Methods to analyze continuous outcomes by incorporating baseline data in individual participant data meta-analysis of non-randomized studies

Tags: Oral
Syrogiannouli L1, Wildisen L1, Efthimiou O2, Del Giovane C1
1Institute of Primary Health Care (BIHAM), University of Bern, 2Institute of Social and Preventive Medicine (ISPM), University of Bern

Background: contrary to randomized studies, non-randomized studies, where a continuous outcome of interest is assessed at baseline and follow-up, are likely to show baseline imbalance between the treatment or exposure and the control group. This may confound the study estimate and consequently the meta-analysis (MA) estimate. Follow-up data as the outcome, adjusting for baseline (ANCOVA) or the change from baseline are commonly used to analyze such data. While recommendations on these methods have been provided for MA of randomized studies, less is known for MA of non-randomized studies. Studies may have used different methods to analyze continuous outcomes and therefore aggregate estimates derived differently may influence the pool result. Analysis of individual participant data (IPD) allows review authors to standardize the statistical method across studies.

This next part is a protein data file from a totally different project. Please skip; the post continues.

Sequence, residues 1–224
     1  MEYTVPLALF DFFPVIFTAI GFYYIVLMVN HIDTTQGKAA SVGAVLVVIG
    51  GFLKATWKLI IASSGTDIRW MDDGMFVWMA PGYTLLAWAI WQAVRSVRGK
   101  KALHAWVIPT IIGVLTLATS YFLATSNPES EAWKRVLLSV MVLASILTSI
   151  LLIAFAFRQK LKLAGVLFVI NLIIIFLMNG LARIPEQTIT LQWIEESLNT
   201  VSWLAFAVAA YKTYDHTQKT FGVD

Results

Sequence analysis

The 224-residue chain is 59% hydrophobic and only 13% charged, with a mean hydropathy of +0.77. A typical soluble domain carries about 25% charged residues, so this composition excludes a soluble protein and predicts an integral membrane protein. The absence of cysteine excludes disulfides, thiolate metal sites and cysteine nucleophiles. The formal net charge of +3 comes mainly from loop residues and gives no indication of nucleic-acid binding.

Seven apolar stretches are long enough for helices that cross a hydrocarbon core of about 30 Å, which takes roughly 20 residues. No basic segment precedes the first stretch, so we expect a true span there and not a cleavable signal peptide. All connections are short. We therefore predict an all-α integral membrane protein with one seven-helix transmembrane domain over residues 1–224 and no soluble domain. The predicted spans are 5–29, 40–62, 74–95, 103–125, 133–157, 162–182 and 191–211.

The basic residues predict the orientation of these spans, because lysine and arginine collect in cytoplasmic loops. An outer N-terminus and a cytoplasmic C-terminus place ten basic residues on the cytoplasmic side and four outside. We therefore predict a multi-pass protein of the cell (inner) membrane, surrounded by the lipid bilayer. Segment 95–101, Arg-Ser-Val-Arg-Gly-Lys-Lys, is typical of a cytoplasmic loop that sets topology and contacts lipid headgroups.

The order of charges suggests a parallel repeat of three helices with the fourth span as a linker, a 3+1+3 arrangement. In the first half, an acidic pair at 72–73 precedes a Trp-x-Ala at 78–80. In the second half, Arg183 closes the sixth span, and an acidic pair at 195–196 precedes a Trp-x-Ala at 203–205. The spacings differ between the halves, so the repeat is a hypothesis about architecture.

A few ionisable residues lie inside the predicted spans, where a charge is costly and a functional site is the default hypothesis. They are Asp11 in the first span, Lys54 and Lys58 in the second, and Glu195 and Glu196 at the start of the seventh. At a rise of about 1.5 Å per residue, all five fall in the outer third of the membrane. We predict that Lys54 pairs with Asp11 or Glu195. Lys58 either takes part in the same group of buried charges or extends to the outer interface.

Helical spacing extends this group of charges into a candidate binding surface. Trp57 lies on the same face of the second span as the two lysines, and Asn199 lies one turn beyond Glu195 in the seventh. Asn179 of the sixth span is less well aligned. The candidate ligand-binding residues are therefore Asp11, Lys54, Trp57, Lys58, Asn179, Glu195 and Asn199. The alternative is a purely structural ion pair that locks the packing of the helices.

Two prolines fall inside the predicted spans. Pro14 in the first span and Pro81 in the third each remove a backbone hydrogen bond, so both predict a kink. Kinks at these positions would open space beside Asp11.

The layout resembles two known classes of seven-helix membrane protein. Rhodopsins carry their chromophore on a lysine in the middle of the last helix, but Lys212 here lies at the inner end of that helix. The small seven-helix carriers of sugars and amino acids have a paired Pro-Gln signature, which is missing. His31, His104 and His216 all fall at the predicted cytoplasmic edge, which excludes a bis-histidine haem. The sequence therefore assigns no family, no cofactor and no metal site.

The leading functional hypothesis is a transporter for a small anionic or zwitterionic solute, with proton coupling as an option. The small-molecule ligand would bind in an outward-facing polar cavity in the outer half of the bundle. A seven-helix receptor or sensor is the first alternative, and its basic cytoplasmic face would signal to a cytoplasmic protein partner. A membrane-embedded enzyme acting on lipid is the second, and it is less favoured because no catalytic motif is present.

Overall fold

1) to identify the methods used in published IPD-MA of non-randomized studies for continuous outcomes;

2) to compare several methods that take account of baseline data to analyze continuous outcomes in IPD-MA of non-randomized studies.

Methods: we searched Embase, MEDLINE Ovid, and Cochrane from inception up to April 2019 to identify studies that applied IPD-MA to synthesize continuous outcomes from non-randomized studies and incorporated baseline outcome data in the analysis.

We will describe the statistical methods used in each IPD-MA. For the second objective, we will consider the following:

1) follow-up values as outcome, ignoring baseline values;

2) ANCOVA, assuming linear confounding effect;

3) change from baseline as outcome; and

4) propensity score, including the conditional probability of being assigned to a treatment/exposure group given the baseline data as covariate in analysis.

We will also consider a variation of ANCOVA that includes the baseline values as a spline term, to allow for potential non-linear confounding effect. We will apply each method to IPD of cohort studies to investigate if patients with thyroid dysfunction (exposure) are at risk of depressive symptoms (outcome), measured on a validated depression scale similar across studies. We will describe the differences in results across methods.

Results: for the second objective, we collected IPD from six cohort studies, including 24,524 participants, with data on depressive symptoms at baseline and first available follow-up, and thyroid status at baseline. We will present the results of the two objectives at the Colloquium.

Conclusions: different methods that are used to deal with baseline data in the analysis of continuous outcomes in non-randomized studies may lead to different and potentially inappropriate MA estimates. We plan to provide guidance on choice of methods.

Patient or healthcare consumer involvement: we did not involve patients or healthcare consumers